Adapting for the sake of our testimony.

Adapting for the sake of our Testimony

Matthew 17:24-27

“but lest we be a snare to them…give it to them for me and you.”

 

            The event of the Temple Tax is both unusual and has perplexed commentators and misused by some who want to avoid paying taxes to civil authorities.  The events begin with the temple tax collectors approaching Peter and asking him to pay the required tax for the temple.  It is important to note that these were not the civil authorities representing the government. Instead, these were religious leaders who went about to collect the religiously imposed tax for the temple's upkeep. The two-drachma, which was a half-shekel, amounted to two day’s wages for a typical day laborer.  All Israelite males were required by the Jewish religious law to pay the tax annually.  Coming to Peter, they asked if Jesus was going to pay the temple tax. They phrase the question so that they expect an affirmative answer.  

            In response to their question, Peter comes to Jesus to ask if Jesus desired to pay the tax.  Instead of giving him an immediate answer, Jesus responds with a short parable that raises the question of whether or not he and his followers should have to pay the tax.  Since the temple tax was a Jewish, religious tax rather than a governmental tax imposed by the Romans, Jesus' response does not conflict with Jesus’ command in Matthew 22:15-22 or Romans 13:1-7.  In response to Peter, Jesus clarifies that since God did not ordain it, Jesus is under no obligation to pay for the tax.  While Jesus affirmed and fulfilled the Old Testament law, he continually confronted the legalistic rules of the Jewish leaders. 

            Having affirmed that they were not under obligation, Jesus makes a surprising statement.  He tells Peter to catch a fish, and in its mouth will be the required coins.  So, what is the point of this story, and how does this relate to us today?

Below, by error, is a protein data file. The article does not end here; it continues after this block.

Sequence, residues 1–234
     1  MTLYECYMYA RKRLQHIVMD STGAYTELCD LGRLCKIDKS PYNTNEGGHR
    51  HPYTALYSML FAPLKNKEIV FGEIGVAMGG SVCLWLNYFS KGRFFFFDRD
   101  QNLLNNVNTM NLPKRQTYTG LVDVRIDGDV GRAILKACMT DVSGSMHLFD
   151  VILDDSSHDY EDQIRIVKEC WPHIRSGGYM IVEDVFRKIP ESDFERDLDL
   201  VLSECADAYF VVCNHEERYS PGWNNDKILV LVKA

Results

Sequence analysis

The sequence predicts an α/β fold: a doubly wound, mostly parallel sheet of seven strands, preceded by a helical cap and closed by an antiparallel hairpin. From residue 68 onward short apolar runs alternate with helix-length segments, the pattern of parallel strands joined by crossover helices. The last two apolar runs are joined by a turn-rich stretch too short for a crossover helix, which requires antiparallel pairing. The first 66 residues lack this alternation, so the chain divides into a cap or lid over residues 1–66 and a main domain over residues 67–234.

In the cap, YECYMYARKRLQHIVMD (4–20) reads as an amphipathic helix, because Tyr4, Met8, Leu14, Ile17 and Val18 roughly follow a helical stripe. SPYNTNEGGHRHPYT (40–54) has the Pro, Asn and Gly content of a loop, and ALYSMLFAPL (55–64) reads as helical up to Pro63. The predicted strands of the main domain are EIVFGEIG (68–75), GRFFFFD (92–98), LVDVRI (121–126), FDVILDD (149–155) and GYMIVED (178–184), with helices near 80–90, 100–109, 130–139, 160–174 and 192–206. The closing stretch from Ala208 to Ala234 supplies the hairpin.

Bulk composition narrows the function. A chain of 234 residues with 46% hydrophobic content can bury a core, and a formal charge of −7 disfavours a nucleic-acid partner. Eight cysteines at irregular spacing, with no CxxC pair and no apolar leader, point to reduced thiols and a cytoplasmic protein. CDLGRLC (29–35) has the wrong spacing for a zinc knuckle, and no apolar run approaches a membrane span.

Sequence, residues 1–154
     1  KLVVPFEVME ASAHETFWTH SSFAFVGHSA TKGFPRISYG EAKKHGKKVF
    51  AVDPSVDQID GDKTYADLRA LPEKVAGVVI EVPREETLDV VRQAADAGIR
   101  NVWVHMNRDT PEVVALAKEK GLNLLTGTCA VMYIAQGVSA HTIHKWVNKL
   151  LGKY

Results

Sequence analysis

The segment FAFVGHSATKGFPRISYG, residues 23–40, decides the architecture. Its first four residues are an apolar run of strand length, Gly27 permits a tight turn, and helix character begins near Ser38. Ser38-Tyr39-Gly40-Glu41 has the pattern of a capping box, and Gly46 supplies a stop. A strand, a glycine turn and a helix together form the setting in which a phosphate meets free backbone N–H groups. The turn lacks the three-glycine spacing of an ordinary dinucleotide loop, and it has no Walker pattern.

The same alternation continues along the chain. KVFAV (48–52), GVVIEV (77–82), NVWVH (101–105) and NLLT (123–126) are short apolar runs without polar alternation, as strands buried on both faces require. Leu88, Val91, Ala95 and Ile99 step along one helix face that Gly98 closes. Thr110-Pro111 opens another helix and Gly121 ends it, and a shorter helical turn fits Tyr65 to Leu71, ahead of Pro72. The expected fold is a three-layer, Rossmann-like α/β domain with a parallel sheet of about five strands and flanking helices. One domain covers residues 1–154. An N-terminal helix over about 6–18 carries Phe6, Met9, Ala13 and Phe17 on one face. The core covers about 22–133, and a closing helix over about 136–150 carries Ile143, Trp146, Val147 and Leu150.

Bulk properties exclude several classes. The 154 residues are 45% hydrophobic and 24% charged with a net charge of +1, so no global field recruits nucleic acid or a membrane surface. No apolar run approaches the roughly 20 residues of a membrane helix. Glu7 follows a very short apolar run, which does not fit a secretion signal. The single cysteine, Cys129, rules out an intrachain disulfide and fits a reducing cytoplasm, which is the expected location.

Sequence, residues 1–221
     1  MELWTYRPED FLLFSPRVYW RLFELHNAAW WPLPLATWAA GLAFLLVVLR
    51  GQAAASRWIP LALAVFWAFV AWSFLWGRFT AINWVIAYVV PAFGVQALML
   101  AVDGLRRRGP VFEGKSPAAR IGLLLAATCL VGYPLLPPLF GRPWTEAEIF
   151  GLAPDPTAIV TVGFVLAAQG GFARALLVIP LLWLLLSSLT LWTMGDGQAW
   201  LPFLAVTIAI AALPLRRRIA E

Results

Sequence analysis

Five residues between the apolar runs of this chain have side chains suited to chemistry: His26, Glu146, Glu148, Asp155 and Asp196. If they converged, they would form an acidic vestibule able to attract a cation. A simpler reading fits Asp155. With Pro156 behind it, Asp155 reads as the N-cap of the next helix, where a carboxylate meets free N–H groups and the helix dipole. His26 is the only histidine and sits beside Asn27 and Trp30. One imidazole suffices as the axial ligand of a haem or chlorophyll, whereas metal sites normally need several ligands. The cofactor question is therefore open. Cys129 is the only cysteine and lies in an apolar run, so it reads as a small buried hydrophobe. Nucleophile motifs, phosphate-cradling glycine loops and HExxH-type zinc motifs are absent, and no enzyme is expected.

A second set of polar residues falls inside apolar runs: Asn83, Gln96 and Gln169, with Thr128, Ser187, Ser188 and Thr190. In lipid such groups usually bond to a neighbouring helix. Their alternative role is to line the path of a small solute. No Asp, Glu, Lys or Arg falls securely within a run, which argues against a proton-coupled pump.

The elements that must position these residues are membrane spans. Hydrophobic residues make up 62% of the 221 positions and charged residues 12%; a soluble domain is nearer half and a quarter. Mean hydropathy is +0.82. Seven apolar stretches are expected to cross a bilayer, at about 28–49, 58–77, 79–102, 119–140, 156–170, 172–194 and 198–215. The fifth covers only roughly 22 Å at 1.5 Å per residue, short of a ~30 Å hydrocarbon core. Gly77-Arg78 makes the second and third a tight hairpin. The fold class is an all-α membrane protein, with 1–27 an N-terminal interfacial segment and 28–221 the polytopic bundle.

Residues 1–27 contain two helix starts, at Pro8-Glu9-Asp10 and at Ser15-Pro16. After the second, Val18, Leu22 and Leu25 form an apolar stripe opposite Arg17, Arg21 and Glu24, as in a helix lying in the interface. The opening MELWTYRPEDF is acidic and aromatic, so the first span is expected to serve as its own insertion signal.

In the story, two important lessons are highlighted.  First, Jesus, as the son of God, has no obligation to man’s rules and regulations.  However, if he refused to pay the tax, the implication would be that he rejected the temple and what it stood for.  Throughout the gospels, he clarifies that he did no such thing.  Although the Law did not require the tax, Jesus did not want to give any impression that he was against the Law and the temple.

            The second important lesson we see in verse 27 is when he states that Peter should pay the tax so that “we may not offend them.”  In other words, Jesus informs Peter that part of our testimony is maintaining a positive relationship with others, even those who reject him.  While we are free from people’s legalistic requirements, we are to still operate with an attitude of love and grace to make our testimony acceptable to them.  Paul points out the same thing when he writes that we are free from the law, but we are not to use our freedom if it causes another person to stumble.  For the sake of our witness, we should forgo our rights so that others might be impacted by our message.  

            This brings us to the importance of living in a way that provides opportunities to share the gospel.  While the gospel may be inherently offensive to some, we are not to act in an offensive manner to others.  Instead, we are to willingly set aside our rights and privileges so that we might have the opportunity to have a positive witness.  In a gospel-driven life, our focus is not on our rights but how our lives and actions impact others.  If we create barriers to people in the exercise of our rights, it is better to set aside those rights to build relationships with them.  We are to always live with the gospel in our focus and be willing to adapt to the situation to share the gospel without hindrance.  We are not to compromise the gospel or faith to gain acceptance of others, but we can set aside our freedoms and personal rights to reach others for Christ.  

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